Precision Health Can Be Applied to All Disciplines
The University of California, Irvine, has integrated its technology to create targeted health and wellness strategies for patients. In February 2022, the university launched the Institute for Precision Health, an interdisciplinary campuswide initiative to develop solutions in precision medicine. A future brick-and-mortar home for IPH will let data scientists collaborate with clinicians to develop analytics tools.
“Precision health is truly an amalgamation of multiple critical pillars. Understanding the multidisciplinary nature of this work is really how IPH came about,” says Dr. Peter Chang, assistant professor in residence at UCI’s Department of Radiological Sciences. He formed IPH along with co-director Leslie Thompson, a professor in the school of medicine and the school of biological science.
IPH’s launch was driven by a need to make sense of health data. It linked EHRs, genomics and other medical data with ML’s analytic power, Chang says.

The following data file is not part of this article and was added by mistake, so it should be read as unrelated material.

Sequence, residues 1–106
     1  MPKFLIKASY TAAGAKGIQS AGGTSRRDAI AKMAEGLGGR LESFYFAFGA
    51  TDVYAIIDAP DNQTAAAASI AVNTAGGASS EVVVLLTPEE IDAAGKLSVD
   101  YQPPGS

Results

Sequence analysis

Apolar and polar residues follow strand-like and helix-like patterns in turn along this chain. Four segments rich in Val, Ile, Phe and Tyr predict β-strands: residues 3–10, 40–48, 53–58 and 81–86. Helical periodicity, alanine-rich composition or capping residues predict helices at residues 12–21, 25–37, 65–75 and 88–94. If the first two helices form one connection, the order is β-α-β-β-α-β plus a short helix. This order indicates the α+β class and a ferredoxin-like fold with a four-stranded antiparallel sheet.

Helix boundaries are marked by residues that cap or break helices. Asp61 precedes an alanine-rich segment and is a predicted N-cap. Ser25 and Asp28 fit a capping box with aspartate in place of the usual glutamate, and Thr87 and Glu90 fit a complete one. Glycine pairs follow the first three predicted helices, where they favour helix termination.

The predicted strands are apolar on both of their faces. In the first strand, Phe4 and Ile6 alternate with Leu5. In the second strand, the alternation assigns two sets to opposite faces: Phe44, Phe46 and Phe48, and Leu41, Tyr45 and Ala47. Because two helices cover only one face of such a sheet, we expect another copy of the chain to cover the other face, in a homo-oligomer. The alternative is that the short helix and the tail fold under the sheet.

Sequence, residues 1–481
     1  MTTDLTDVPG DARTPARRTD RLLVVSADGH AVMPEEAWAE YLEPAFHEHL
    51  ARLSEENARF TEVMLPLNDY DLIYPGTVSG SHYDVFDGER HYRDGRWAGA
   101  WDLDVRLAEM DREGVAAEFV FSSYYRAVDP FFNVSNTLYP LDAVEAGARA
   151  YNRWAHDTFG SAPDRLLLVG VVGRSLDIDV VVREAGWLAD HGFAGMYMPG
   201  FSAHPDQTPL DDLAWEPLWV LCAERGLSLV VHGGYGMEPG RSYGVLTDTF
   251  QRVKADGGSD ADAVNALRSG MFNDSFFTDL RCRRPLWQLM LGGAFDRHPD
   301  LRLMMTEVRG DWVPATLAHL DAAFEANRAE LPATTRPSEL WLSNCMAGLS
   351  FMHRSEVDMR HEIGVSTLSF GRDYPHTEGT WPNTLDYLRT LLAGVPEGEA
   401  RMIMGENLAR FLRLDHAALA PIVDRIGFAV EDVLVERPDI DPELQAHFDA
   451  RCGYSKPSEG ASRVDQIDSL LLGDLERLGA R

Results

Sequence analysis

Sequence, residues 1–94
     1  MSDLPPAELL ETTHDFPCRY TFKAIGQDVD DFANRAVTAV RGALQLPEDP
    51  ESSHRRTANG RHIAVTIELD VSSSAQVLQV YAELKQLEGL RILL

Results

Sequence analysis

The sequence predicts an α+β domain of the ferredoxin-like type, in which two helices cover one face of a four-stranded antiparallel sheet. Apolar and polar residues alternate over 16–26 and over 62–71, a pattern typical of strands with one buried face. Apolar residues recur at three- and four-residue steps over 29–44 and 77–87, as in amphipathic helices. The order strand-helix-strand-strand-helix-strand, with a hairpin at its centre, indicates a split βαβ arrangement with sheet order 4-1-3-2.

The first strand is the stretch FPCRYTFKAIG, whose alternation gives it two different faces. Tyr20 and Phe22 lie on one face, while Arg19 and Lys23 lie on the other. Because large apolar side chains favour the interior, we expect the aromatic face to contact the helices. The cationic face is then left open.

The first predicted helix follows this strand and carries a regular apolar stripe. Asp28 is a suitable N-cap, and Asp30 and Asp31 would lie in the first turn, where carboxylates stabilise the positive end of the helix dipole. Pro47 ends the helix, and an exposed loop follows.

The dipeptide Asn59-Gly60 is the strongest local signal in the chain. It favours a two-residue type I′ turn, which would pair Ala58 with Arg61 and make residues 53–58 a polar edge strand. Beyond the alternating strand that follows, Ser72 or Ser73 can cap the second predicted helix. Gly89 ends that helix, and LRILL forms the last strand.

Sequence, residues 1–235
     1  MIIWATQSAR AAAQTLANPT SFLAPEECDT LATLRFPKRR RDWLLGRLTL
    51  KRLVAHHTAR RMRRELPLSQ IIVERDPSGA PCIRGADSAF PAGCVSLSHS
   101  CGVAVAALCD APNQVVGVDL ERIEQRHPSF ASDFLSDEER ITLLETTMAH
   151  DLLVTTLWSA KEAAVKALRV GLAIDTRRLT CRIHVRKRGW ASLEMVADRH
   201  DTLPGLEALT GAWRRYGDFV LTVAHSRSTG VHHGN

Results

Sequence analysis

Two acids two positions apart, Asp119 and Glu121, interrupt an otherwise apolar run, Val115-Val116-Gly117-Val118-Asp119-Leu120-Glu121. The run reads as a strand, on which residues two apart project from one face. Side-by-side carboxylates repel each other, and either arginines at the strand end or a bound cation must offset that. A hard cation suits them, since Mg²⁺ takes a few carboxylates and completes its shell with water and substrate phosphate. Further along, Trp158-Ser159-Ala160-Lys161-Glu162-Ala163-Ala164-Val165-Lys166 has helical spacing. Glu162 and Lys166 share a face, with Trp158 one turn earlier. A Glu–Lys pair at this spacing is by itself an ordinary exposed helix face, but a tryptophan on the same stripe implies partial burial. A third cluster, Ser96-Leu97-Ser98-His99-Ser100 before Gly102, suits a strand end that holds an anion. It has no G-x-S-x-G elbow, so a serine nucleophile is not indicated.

UCI has made various investments in precision health analytics, including recently replicating its EHR system in Syntropy, a data management and analytics platform hosted in the AWS cloud. “It essentially gives us the flexibility and power to look at all of our data using sophisticated analytics in a very efficient way,” he says.
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Other data computing environments on the UCI campus borrow architecture developed at major technology companies, such as the Kubernetes orchestration engine that originated at Google, Chang adds. Combined with containerization technology, Kubernetes allows Chang’s team to easily orchestrate AI software development on a flexible, hybrid, on-premises, cloud-based computing cluster. The system is able to automatically scale computing resources, including specialized NVIDIA GPUs that his team leverages to train algorithms on high-dimensional data such as images, waveforms and videos. “Taking advantage of a hardware and software stack optimized by major AI companies allows our team to maximize our investment in computing resources and focus on our goal of realizing precision medicine,” Chang says.
As a radiologist, Chang relies on predictive modeling and data analysis for personalized treatment and health maintenance. “Whether in a research or clinical environment, the same key technology, such as NVIDIA hardware or cloud-native services, is driving AI innovation,” he says.
Chang believes healthcare is still in the early stages of precision medicine and making sense of analyzing the data in a sophisticated way. But the future means linking multiple types of data and using ML to make sense of it, he says.